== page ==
We finally arrived in Vietnam! Hanoi to be exact. We flew in from Bangkok without incident. Customs was a breeze; the airport was brand new; and the drive into town was beautiful! We decided to stay in the Old Quarter of Hanoi, which is filled with vendor after vendor and a Northface (NorthFAKE) outlet on every corner. We walked around a bit our first night, but didn’t have time for too much. We did happen upon a street fair of some kind and we were treated to this…
The next morning we walked to nearby Hồ Hoàn Kiếm Lake or Lake of the Returned Sword. There is an interesting tale about a lost sword, a dragon, and the return of the sword by a turtle. There is also a temple dedicated to this legend in the middle of the lake. It costs 30,000 Dong or about $1.35 to cross the bridge and visit the temple.
We followed this up with a visit to the Hoa Lo Prison, more commonly known to Americans as the Hanoi Hilton – a POW camp during the Vietnam War. It’s very strange to walk through a POW museum in a country that we were at war with and read their descriptions of how they treated American POWs. Americans in that camp reported miserable conditions, including poor food, unsanitary conditions, and even torture while the museum shows pictures of American pilots sharing Christmas dinner, playing basketball and volleyball and having a grand time. The museum even reports that the American POWs were treated far better than Vietnamese prisoners in the camp at that time.
On our second day in Hanoi, we visited the Vietnam Military History Museum. The best part of this museum was a video/light show/diorama presentation on how the Vietnamese army fought against the French. (I know that doesn’t sound super exciting, but it was pretty clever.) There were several outdoor displays of U.S. plane and helicopter remains that had been shot down. The anti-aircraft guns were also on display and the corresponding plaques listed how many U.S. aircraft had been shot down by each. We sure know how to live it up in Vietnam!
Leaving the war monuments and museums behind, we then visited the Temple of Literature, Vietnam’s first national university and a place where the teachings of Confucius have been happening for almost 1000 years. The temples and grounds were beautiful. One of the buildings on the grounds is also featured on the back of the Vietnamese 10,000 Dong bill. After sweating our morning away sight-seeing, the boys all headed back to the hotel to cool off while I ventured out on my own for a pedicure. The cost… 60,000 Dong or $2.67. Can’t beat those prices!
We ended the day with a visit to the Thang Long Water Puppet Theater. They started the show with a traditional Vietnamese song and then put on about 15 short skits with the puppets. Although the show was in Vietnamese, it was easy to tell what was going on most of the time and being able to watch the musicians was fascinating. One woman played an instrument called a đàn bầu or gourd lute, which was mesmerizing to watch. Ty has some video that he will be putting in his vlog for Hanoi, so stay tuned for that!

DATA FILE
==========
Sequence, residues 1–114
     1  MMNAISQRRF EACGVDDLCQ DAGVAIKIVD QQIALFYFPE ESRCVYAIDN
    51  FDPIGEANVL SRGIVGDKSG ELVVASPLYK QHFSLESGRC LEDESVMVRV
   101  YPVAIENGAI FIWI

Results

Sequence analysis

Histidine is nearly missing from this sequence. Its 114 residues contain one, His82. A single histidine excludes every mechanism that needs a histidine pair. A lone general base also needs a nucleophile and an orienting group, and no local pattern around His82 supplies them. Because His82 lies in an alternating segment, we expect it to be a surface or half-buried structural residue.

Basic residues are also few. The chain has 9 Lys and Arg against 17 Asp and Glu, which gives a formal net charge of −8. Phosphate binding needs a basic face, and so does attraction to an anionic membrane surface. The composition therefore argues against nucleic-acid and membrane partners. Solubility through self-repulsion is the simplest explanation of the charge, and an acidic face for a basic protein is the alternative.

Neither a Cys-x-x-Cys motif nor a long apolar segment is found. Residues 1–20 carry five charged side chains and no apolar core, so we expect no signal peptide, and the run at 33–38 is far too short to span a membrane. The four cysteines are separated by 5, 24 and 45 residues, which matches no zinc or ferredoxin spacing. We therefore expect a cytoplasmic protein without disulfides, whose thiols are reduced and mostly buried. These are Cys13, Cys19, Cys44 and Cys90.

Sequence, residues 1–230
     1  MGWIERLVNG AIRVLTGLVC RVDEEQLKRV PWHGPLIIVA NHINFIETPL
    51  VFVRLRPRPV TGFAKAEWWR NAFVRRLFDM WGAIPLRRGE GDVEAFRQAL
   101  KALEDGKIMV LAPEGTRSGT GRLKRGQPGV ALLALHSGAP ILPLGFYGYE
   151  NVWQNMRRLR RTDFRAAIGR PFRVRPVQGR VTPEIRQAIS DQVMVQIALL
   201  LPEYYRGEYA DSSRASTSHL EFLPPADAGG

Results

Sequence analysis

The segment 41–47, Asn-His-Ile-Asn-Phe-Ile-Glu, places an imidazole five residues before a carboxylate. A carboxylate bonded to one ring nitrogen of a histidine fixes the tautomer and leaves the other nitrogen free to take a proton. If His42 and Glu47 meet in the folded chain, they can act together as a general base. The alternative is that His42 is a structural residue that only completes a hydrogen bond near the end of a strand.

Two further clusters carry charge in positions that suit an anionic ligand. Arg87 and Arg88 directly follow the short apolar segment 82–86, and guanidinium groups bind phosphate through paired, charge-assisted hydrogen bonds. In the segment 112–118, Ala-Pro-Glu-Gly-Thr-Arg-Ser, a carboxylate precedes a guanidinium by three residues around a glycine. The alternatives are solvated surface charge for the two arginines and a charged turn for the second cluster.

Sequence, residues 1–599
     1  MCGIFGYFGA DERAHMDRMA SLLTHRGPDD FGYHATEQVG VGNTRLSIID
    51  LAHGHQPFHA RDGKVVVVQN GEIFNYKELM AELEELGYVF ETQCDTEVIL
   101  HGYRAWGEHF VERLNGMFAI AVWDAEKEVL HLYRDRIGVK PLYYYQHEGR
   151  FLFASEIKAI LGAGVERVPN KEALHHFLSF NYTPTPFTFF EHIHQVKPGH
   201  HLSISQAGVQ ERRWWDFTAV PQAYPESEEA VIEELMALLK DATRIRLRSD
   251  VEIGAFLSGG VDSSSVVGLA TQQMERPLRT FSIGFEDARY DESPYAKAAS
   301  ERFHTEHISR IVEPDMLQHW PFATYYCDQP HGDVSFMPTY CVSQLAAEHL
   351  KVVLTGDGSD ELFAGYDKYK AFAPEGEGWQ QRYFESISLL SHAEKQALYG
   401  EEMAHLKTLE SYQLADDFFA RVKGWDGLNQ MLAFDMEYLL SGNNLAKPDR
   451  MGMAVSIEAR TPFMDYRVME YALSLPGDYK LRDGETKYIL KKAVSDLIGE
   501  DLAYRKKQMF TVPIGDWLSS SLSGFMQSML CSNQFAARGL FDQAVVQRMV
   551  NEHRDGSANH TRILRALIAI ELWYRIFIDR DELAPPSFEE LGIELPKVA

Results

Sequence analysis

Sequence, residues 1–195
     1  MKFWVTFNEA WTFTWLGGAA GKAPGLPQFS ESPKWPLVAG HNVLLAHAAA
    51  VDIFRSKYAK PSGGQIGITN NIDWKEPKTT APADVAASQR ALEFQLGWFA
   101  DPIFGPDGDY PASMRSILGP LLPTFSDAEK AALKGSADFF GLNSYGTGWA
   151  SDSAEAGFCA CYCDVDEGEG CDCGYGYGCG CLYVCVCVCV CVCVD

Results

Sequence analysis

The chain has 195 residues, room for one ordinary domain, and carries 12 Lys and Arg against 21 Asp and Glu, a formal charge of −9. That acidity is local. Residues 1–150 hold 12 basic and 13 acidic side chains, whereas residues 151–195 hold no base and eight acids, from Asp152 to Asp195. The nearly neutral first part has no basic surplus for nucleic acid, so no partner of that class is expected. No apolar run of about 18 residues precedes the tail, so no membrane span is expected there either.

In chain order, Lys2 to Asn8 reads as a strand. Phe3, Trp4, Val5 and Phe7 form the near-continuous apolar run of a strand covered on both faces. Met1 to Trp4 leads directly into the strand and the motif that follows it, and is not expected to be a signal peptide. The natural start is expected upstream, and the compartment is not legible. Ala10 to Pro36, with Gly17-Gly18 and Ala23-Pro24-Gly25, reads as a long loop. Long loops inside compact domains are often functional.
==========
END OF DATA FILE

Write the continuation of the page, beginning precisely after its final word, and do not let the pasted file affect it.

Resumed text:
The following day we set out for an overnight trip to Ha Long Bay. It’s a four-hour bus ride from Hanoi to the Ha Long Bay, which for me was super stressful. The driving in Vietnam is CRAZY!!! I thought Malaysia was bad, but Vietnam beats Malaysia hands down. Even crossing the road as a pedestrian is like a real-life game of Frogger… you just step off the curb and pray that you make the other side. We’ve only been almost hit a few times.
The stress of the roads quickly faded when we reached the boat and the crew had lunch all prepped. In 24-hours on this boat – four meals in total – we were treated to clams, tilapia, shrimp, crab, calamari, cat fish, fried sweet potatoes, herring on lemongrass, rice, morning glory, pickled cucumbers with garlic, and probably a lot of other items I am forgetting. The food was amazing!
The captain took us about two hours from port out into the islands where we anchored and then got into kayaks and paddled through a floating fishing village and around one of the more than 1900 islands in the bay. We ended with a swim off the boat in the warm waters of the South China Sea. We chose a small tour and there were only 10 passengers, about 5 crew, and our tour guide, Cong. It was a nice change of pace to settle and get to know a few folks a bit better. Cong spoke fantastic English and entertained us with stories about Vietnam and its people.
We started the next morning bright and early with a small breakfast followed by another kayak paddle. This time we paddled to a larger island and hiked through a cave to the opposite side of the island and back again. While not a long hike, it was somewhat treacherous in wet flip flops. We cruised back to port, had another fabulous meal prepared by the crew and then boarded the bus back to Hanoi. Although short, the trip to Ha Long Bay was a highlight and a fabulous way to end our time as tourists for a while.
Next, we were off to DaNang, where we would be settled for the month of October.
Mural at the Hanoi Hilton.
Balcony dining in Hanoi.
This is what most power lines look like in the city. It scares me.
RJ and a crashed U.S. plane.
Temple of Literature pics.
Ty on our boat in Ha Long Bay with Vietnam flag backdrop.